On the facilitative nature, the US drew attention to her proposal for a multilateral consultative process. Colombia, for AILAC, described the facilitative nature of the Basel Convention’s Implementation and Compliance Committee, which in non-compliance cases is competent to recognize and assist with capacity needs, and advises the COP to make cautionary statements.
AUSTRALIA warned that providing for alternative avenues to access financial support through non-compliance could create adverse incentives. SAUDI ARABIA noted that intentional non-compliance would trigger the dispute settlement provision in the agreement. The RUSSIAN FEDERATION said criteria for determining parties’ intention would need to be clarified.
CHINA noted the preference of some parties for an implementation branch and inquired about the scope of a compliance branch. The EU called for a mechanism that looks into parties’ performance and has adequate triggers. She noted the link to transparency and the MRV system. The BAHAMAS suggested the facilitative method be both forward and backward looking.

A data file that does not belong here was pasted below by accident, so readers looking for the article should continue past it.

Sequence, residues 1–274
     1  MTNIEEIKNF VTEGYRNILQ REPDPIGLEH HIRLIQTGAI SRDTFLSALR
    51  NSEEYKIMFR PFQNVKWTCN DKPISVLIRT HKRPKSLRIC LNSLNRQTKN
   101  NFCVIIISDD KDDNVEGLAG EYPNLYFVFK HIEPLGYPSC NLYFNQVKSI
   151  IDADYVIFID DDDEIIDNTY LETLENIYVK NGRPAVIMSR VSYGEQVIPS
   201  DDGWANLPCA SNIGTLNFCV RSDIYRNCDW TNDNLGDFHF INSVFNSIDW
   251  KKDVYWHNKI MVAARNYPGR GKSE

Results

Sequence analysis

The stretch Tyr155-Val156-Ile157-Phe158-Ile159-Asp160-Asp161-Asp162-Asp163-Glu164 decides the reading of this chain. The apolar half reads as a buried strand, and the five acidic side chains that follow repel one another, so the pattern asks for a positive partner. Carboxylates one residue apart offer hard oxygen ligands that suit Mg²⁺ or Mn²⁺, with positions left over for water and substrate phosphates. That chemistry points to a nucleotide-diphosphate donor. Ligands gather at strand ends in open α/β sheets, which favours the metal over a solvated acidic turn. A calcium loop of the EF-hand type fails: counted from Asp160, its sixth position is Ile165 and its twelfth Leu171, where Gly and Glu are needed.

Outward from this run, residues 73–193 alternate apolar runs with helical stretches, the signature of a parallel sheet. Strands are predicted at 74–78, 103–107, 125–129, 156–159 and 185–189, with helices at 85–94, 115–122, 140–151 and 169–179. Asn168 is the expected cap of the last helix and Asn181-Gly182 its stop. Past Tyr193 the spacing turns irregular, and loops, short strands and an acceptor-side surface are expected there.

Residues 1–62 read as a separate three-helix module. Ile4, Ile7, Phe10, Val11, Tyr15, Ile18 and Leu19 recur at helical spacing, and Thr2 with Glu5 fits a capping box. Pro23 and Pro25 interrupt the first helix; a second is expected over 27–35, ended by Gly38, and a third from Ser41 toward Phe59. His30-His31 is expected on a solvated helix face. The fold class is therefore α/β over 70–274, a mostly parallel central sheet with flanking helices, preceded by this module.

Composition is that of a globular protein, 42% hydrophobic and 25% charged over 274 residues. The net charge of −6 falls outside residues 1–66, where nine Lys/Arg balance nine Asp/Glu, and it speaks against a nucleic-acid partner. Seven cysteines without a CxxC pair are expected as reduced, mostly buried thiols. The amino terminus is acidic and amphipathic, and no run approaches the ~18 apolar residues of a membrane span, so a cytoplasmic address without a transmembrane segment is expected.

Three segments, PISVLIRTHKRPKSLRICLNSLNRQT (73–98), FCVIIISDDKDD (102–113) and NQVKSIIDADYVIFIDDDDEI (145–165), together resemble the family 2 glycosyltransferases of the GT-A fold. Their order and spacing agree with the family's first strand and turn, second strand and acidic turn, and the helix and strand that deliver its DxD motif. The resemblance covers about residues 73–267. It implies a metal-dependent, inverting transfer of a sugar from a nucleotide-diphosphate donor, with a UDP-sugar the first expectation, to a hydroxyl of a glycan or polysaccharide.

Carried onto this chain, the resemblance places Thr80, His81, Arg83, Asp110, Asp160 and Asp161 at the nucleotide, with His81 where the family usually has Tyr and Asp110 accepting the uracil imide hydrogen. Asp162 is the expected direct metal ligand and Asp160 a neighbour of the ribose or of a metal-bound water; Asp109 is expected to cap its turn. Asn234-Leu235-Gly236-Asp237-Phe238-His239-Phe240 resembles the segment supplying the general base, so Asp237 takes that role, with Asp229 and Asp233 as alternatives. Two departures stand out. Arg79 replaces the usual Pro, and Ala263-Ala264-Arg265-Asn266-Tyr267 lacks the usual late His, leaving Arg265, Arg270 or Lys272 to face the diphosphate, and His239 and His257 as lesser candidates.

CAPACITY BUILDING: Artur Runge-Metzger (EU) co-facilitated the group. JAPAN reported on the institutional arrangements spin-off, noting that parties had not reached the “bridging” stage. SAUDI ARABIA reported that the pre-2020 milestone spin-off group was not able to draft compromise text.
SWAZILAND, JAPAN and UGANDA called for a specific discussion on which existing institutions could be strengthened and how, with Senegal, for the LDCs, Jamaica, for AOSIS, and China, for the G-77/CHINA, questioning whether the Durban Forum on Capacity-building could address existing gaps, as suggested by the US.